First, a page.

Environmental management systems in the seafood industry are gradually gaining acceptance as a means by which industry operators can pursue and demonstrate sustainable development; outcomes at the enterprise, regional and/or fishery level, and assist to build community confidence in the way that Australian fisheries resources are managed and accessed.
In response to this, the Fisheries Research and Development Corporation (FRDC) funded Ocean Watch Australia Ltd (Ocean Watch) and SSA Ltd (SSA) to develop a framework and guidance material to assist industry groups and individual enterprises to adopt a systems approach to environmental management. This project was managed by Ocean Watch on behalf of the Australian Seafood Industry Council (ASIC).
The environmental management systems framework and guidance material, including the "Seafood EMS Chooser" and "Seafood EMS Step by Step Guide" were developed and refined through a case study process involving industry associations whose members participate in wild capture fisheries.
The five industry associations that formally participated in the case study process were:
- Queensland Rock Lobster Industry Association (QLD);
- Hawkesbury Trawl Association Inc (NSW);
- East Gippsland Estuarine Fishers Association Inc (Vic);
- Abalone Industry Association of South Australia (SA); and
- South West Rocks Beach Haulers Association Inc (NSW).
Other industry groups and individual enterprises contributed in a more informal manner. The case study process was facilitated by SeaNet the environmental extension service for the Australian seafood industry administered by Ocean Watch, whose officers provided face to face assistance to participating industry associations in the form of background research and documentation of management system components. This case study process also produced examples of 'live’ EMS components, including a risk assessment, Environmental Action Plan, policy and code of conduct, providing a foundation upon which the participating industry associations can further develop and implement their management systems.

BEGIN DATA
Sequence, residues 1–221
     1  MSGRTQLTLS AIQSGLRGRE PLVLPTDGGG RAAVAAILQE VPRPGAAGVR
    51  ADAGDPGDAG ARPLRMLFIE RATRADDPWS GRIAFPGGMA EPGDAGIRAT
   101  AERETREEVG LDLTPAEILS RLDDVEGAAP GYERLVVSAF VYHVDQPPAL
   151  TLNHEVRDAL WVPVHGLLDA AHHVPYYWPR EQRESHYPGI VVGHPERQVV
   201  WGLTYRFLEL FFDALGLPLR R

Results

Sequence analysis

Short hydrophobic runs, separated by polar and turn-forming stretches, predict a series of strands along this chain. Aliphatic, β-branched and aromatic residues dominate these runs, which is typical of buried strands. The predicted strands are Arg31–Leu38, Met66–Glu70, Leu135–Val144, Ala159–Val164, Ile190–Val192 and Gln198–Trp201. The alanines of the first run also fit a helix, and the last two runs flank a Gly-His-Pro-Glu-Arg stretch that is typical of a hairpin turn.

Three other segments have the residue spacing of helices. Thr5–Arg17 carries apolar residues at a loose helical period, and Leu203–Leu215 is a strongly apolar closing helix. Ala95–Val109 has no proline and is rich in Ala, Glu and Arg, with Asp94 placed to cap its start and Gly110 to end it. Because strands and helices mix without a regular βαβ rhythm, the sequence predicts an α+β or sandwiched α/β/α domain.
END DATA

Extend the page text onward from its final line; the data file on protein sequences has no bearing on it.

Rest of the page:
Keywords: Environmental Management Systems
The purpose of this report is to illustrate the value of EMS as a management tool for seafood businesses to achieve their environmental, economic and social goals and in achieving broader natural resources management goals associated with ﬁshing and aquaculture as well as demonstrating to the community the seafood industry’s environmental credentials.
The report targets existing and potential industry leaders, facilitators and training providers and government oﬃcials who have a desire to be involved in the continued development of the seafood industry through EMS.
This Seafood EMS Self-assessment and Training Manual, including the Seafood EMS worksheets, its companion, the Seafood EMS Assessor’s Guide, the Seafood EMS Communication Kit and the Seafood EMS CD provide the seafood industry with a national program for EMS training and assessment.
This manual helps you through the development and implementation of an EMS that meets the needs of your seafood business.
Seafood Services Australia Ltd is proud to bring you, in this publication and others in the series of Seafood EMS Resources, the distilled wisdom of the industry leaders who have pioneered seafood environmental management systems in Australia.